I think it’s really important to have players playing in the country itself representing the national team. In Tunisia we have three quarters of the players playing in Tunisia itself, so it just goes to show, really.”

Ben Mohamed speaks in a calm and assured manner, but does not come across in any way braggadocios about his rise or his success. The player appreciates his roots and is aware of how far he has come from his days lighting up Dalymount Park, often the only source of intrigue or excitement on an otherwise gloomy wet Friday night under the spotlights.

A player worth the entrance fee alone, as the old saying might go, and a throwback to wingers belonging to days gone by like Stanley Matthews, or even players of ilk and quality closer to home capable of beating their man, like Johnny Giles or Liam Brady, who also graced the Dalymount surface once upon a time.

Source: Bohemian FC/YouTube

But despite it all, Ben Mohamed has remained remarkably grounded. Many players allow success to cloud their best judgement, but the former Bohs man has retained the same sense of humbleness and quiet determination which made him such a popular figure amongst all corners of the League of Ireland not so long ago.

He says that leaving Ireland was a big decision, but one he knew he had to make in order to fulfil his desire to play on the biggest stages. Coming from 3-1 down in the first leg of the African Champions League final to win the title in front of 60,000 spectators, he says, was one of the greatest nights in his young professional career to date.

It was a massive night in my career, the biggest night in my career so far. Personally I think coming back from injury and having struggled here in Tunisia at the start, it made it that little bit extra special for me.

“It was a huge occasion for everyone and for me personally, for the club itself too — it’s only the third time in our history that we have won the Champions League. It has been the main objective of Esperance for the last few years to win it and the fact that it’s coming up to the club’s 100-year anniversary as well, it was just perfect timing.

Ayman Ben Mohamed and Aaron McEneff The player was a fans favourite at Dalymount Park during his seven months at Bohemians in 2016. Source: Ryan Byrne/INPHO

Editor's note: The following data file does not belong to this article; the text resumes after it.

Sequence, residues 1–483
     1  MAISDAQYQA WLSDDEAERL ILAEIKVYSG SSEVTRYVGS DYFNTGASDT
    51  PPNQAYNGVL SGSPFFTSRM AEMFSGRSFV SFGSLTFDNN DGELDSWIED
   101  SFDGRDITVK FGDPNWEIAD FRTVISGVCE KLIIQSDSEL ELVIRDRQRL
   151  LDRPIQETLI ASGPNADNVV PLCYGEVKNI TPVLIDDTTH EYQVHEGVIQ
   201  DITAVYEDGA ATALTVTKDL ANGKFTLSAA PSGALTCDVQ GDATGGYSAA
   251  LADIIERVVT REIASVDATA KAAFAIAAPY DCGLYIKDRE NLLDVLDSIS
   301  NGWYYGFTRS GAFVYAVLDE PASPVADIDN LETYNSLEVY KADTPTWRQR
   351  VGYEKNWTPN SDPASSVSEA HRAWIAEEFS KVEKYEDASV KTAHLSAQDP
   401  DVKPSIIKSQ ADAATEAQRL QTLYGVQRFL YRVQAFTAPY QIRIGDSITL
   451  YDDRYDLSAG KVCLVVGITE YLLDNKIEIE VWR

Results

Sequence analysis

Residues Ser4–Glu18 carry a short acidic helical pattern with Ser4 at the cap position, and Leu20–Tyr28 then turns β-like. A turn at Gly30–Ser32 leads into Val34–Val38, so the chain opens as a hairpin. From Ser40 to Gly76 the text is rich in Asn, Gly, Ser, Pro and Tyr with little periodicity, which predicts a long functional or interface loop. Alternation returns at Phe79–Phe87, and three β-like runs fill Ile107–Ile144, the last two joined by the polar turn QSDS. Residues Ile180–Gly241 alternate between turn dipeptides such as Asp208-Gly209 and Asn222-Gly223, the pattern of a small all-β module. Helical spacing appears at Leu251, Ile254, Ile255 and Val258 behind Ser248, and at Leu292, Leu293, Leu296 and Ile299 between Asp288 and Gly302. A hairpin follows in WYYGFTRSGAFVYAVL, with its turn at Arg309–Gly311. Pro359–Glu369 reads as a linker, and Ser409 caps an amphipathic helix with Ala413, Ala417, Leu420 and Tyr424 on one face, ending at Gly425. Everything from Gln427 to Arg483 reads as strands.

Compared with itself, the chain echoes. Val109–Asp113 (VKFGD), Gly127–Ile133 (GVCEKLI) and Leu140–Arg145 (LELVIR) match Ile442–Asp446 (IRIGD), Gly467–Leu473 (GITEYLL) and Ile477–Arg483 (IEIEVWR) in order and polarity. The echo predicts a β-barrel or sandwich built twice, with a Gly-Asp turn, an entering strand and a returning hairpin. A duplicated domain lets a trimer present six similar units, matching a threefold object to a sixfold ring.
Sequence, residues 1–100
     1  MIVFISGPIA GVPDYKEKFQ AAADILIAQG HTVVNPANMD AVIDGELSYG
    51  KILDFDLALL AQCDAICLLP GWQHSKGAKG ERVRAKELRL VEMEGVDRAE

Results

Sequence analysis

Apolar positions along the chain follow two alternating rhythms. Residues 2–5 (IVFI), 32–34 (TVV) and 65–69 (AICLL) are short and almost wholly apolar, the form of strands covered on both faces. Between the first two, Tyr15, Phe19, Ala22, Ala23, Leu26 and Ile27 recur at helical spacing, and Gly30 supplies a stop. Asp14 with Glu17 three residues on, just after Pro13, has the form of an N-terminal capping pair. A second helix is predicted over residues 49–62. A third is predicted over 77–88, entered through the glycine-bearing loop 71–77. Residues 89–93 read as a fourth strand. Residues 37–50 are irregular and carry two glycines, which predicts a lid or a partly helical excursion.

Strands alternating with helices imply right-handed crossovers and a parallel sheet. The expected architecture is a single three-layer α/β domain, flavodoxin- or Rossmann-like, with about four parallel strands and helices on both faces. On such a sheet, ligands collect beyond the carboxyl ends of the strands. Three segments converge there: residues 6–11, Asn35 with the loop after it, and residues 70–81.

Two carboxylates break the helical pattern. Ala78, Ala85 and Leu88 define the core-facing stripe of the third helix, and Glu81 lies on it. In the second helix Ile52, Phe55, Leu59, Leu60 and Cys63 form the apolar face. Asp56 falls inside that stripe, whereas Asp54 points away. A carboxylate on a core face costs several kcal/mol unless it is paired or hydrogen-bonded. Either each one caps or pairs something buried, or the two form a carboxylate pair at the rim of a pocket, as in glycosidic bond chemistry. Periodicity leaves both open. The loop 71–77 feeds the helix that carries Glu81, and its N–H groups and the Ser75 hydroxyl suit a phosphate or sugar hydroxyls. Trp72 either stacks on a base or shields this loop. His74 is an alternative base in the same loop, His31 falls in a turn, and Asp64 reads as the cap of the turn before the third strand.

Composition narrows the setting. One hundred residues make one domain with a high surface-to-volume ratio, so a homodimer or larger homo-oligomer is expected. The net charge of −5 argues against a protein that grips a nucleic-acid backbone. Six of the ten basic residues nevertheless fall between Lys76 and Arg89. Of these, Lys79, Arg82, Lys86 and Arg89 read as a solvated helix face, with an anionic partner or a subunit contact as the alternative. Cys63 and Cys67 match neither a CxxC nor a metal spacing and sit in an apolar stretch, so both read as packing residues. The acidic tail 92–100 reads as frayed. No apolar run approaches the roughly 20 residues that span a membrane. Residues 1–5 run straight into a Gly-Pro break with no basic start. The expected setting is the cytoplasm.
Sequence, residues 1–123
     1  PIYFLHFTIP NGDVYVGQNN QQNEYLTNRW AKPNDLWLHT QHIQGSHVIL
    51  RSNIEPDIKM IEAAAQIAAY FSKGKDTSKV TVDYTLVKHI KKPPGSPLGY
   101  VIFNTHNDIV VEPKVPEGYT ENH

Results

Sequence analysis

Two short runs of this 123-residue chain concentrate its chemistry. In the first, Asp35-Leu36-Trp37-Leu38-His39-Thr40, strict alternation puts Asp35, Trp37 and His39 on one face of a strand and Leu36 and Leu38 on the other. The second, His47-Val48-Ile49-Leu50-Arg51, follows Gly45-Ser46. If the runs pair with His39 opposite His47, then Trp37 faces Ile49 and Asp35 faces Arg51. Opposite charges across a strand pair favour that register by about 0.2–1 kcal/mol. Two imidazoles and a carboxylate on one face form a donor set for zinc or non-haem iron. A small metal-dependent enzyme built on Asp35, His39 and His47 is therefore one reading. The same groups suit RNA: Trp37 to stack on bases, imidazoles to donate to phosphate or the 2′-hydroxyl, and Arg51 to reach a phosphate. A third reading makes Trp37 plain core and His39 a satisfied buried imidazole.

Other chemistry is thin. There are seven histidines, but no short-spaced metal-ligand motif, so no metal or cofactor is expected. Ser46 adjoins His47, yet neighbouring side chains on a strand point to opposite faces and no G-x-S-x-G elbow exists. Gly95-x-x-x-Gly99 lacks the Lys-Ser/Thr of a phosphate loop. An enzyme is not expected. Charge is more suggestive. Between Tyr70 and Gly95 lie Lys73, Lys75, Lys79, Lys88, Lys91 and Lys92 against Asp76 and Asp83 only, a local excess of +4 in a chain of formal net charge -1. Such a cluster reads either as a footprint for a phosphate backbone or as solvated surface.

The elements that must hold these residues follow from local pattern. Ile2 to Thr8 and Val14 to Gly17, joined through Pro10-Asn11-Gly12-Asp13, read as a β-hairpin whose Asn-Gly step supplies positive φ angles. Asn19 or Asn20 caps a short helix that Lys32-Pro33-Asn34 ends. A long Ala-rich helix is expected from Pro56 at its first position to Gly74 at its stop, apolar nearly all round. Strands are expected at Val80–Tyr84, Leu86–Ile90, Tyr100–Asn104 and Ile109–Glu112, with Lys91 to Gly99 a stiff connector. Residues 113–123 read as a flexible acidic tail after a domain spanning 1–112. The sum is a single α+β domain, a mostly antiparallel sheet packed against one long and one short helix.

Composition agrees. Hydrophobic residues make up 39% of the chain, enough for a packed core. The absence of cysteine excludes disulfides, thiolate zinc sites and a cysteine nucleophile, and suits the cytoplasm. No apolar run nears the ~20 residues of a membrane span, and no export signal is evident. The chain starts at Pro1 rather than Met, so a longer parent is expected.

“It was a really momentous comeback. Unfortunately I missed the first game through injury, I had a bit of a hamstring strain. They weren’t going to risk me for that game so that I would be ready for the second leg in Tunis (the capital city of Tunisia).

“Watching the first game in Egypt… it was quite shameful. There were two penalties given to Al-Ahly that were clearly not penalties. They were using VAR as well for the final, but the referee was pretty dodgy. We felt that we were fairly harshly done by, so I think that gave us a bit of motivation and in the end it worked out in our favour.

We came back to Tunisia and we were all motivated, we were all looking to get revenge. Then in the second leg itself, it just went perfectly. It couldn’t have worked out any better.

“We were struggling in the early stages of the game but then got the first goal at the perfect time just before half-time. That gave us a real boost and then in the second half we pushed on and obviously got the two other goals, but I think overall we definitely deserved it. I think we were the best team.”

DuncAY1WoAIXNKR He said he hopes to represent Tunisia at the African Cup of Nations next year. Source: Twitter ESTuniscom

We are speaking a week before he leaves to take part in the Fifa Club World Cup and you can sense the excitement in his voice when he speaks about the prospect of taking part in the competition.

Often dismissed as unimportant by English and European clubs this time of year, for clubs coming from North and South America, Asia, Oceania and Africa it is held in much higher regard.